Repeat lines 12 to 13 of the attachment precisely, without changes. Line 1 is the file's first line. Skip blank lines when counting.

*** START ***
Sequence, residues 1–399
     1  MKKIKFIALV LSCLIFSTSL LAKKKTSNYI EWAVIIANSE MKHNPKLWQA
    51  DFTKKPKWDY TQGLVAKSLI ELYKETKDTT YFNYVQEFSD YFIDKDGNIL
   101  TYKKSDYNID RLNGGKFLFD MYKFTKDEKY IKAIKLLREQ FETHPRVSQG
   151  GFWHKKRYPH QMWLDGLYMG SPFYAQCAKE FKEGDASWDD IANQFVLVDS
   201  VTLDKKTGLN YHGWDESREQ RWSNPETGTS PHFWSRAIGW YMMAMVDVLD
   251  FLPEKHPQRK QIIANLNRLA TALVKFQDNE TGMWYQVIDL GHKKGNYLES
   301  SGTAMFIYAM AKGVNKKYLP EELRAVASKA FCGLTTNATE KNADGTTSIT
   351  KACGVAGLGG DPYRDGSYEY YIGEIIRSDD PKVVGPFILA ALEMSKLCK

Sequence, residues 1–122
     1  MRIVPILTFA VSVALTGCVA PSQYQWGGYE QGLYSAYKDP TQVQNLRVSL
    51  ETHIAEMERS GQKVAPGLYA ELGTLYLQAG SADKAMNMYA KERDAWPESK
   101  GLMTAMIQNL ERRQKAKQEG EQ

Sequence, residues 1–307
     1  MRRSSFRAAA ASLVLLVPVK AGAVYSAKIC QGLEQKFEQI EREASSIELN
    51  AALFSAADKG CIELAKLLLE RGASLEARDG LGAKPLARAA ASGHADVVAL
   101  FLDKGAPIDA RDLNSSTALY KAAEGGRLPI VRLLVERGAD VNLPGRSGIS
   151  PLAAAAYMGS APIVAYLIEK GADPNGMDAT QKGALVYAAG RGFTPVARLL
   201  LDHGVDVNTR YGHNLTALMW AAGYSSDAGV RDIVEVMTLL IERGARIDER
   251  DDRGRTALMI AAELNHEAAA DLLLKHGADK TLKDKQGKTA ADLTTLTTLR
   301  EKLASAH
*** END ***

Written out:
    51  ETHIAEMERS GQKVAPGLYA ELGTLYLQAG SADKAMNMYA KERDAWPESK
   101  GLMTAMIQNL ERRQKAKQEG EQ